Next week, on June 22, at 10:00 AM, SEC Commissioners will gather at their hearing room—in the big building next to Union Station in Washington, D.C., and within shouting distance of the U.S. Capitol—to vote on rules that literally will re-shape the profile of the investment advisory universe.
The so-called “Sunshine Act” notice announcing the meeting states the SEC will consider rules “to give effect to provisions of Title IV of the Dodd-Frank Act that…increase the statutory threshold for registration of investment advisers with the Commission [and] require advisers to hedge funds and other private funds to register with the Commission…”
So what does this mean in plain English? Why should investment advisory firms care?
When implemented, the new rules will dramatically alter the composition of investment advisory firms under SEC jurisdiction. Thousands of smaller advisors will switch from SEC to state registration. At the same time, a significant number of unregistered “private fund advisors” (hedge fund and private equity advisors) will register with the SEC.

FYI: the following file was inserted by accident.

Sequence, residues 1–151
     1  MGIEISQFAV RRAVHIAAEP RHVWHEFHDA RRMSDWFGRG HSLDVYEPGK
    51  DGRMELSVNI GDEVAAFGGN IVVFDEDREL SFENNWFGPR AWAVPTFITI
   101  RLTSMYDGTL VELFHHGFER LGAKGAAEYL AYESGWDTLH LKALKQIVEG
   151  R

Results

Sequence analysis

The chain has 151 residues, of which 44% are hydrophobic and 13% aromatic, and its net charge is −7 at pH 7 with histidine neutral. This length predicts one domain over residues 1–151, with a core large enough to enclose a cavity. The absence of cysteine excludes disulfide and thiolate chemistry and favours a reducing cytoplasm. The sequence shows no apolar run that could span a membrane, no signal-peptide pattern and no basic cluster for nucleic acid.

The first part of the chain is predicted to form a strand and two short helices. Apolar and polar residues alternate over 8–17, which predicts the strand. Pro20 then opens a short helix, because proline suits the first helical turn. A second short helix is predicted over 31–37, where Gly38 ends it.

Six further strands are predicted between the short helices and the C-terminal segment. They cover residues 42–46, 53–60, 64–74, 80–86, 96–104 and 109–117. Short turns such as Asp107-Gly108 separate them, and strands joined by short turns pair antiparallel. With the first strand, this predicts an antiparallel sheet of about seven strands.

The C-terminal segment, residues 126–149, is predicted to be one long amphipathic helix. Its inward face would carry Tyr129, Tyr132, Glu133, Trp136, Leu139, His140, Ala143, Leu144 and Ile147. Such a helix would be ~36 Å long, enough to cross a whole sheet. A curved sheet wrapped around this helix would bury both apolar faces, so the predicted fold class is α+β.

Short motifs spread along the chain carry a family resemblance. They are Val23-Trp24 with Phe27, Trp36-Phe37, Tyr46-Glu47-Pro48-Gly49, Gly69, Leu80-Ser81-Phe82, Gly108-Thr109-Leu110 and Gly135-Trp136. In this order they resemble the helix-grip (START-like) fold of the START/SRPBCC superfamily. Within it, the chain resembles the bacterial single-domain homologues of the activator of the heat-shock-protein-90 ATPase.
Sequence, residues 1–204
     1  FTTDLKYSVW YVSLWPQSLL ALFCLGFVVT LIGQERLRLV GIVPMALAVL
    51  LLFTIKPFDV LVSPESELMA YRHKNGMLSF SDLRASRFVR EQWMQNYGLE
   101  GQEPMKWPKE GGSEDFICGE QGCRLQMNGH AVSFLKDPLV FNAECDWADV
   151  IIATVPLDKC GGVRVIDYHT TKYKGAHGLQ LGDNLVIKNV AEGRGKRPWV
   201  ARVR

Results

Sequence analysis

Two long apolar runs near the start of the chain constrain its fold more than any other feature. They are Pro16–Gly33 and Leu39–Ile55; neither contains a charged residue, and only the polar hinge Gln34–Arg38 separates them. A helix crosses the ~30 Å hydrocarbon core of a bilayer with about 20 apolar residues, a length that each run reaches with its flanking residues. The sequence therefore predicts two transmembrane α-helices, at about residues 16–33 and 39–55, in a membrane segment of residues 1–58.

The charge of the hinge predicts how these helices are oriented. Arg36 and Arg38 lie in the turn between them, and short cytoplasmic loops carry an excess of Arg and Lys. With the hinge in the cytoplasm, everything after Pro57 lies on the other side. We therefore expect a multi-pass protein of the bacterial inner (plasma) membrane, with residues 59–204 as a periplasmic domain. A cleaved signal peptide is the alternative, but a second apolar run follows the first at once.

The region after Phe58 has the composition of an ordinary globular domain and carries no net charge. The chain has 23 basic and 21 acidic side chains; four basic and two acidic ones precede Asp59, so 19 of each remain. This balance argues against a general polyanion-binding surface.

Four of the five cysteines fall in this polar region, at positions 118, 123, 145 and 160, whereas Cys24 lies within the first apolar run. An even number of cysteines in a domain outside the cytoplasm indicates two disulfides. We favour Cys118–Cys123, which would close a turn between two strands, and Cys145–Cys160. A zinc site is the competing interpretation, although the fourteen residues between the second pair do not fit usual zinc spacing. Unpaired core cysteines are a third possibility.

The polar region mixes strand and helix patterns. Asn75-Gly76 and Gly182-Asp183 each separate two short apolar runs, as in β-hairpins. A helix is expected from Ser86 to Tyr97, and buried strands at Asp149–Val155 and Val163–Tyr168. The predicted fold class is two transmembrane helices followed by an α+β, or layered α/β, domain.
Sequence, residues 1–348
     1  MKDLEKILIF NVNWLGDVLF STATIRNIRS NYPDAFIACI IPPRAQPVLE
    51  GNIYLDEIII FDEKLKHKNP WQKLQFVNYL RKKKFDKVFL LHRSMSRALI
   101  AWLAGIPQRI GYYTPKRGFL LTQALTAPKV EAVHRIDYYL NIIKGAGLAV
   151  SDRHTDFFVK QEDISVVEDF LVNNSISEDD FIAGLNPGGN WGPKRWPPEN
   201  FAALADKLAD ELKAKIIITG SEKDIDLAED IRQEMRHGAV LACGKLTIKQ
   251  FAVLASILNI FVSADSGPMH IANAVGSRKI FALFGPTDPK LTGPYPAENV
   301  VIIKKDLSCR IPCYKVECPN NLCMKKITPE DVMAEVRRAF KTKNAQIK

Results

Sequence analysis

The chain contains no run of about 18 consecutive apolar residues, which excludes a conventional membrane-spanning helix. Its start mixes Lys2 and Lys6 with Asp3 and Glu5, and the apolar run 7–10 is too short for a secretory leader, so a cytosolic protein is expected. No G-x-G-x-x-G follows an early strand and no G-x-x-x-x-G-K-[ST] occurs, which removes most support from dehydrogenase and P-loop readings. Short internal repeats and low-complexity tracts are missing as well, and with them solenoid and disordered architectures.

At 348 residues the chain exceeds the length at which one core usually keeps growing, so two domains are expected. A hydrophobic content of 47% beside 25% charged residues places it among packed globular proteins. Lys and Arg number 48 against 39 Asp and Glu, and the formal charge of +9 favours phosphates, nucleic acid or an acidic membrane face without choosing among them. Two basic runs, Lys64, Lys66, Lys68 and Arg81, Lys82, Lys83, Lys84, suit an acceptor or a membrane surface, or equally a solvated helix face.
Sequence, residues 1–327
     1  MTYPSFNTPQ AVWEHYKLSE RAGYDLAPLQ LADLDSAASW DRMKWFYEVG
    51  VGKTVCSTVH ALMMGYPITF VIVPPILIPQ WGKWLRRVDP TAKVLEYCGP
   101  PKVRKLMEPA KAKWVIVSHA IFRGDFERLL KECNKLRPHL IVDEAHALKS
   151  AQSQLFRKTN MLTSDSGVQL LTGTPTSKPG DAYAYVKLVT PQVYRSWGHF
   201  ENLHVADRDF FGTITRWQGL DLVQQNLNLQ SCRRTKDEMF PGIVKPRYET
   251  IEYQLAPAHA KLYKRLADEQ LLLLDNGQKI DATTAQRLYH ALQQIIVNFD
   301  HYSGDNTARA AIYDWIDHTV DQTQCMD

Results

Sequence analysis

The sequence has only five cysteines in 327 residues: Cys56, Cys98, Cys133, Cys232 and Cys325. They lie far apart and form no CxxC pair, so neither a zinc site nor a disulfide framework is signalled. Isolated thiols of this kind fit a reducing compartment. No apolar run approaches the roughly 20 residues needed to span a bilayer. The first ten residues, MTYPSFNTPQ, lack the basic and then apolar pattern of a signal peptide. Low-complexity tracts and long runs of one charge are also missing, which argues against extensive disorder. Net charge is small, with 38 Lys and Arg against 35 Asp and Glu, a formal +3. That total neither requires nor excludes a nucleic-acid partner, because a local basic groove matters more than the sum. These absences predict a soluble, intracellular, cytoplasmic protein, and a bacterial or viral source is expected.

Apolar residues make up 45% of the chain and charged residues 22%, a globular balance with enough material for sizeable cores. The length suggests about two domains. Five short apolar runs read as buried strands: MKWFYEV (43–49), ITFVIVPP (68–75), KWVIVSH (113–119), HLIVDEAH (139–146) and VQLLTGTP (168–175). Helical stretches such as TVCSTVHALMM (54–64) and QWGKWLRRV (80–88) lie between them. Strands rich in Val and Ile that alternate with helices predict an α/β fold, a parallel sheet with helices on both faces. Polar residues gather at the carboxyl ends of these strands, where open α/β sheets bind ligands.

As it stands now, there are about 11,500 SEC-registered investment advisors. By and large, these are firms that manage at least $25 million in assets. Firms with less than $25 million in AUM are regulated by the states.
The $25 million AUM dividing line was first established by Congress in 1996 and had never been adjusted until the Dodd-Frank Act came along. Dodd-Frank increased the threshold for SEC registration to $100 million in assets. In January, the SEC staff issued a report estimating that this change in the law will require about 4,000 SEC-registered advisors—those with between $25 and $100 million AUM—to “switch” from SEC to state registration and regulation.
In addition, so-called private fund advisors that manage at least $150 million in AUM will be required to register with the SEC under the Investment Advisers Act. The SEC staff estimated that this will add about 750 investment advisors to the SEC’s registration list.